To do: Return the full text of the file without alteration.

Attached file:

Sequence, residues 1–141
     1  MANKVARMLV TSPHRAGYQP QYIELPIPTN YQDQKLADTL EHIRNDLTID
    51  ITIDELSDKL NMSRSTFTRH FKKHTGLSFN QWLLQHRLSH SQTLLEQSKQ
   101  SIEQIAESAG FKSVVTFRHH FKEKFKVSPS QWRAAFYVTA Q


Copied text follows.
Sequence, residues 1–141
     1  MANKVARMLV TSPHRAGYQP QYIELPIPTN YQDQKLADTL EHIRNDLTID
    51  ITIDELSDKL NMSRSTFTRH FKKHTGLSFN QWLLQHRLSH SQTLLEQSKQ
   101  SIEQIAESAG FKSVVTFRHH FKEKFKVSPS QWRAAFYVTA Q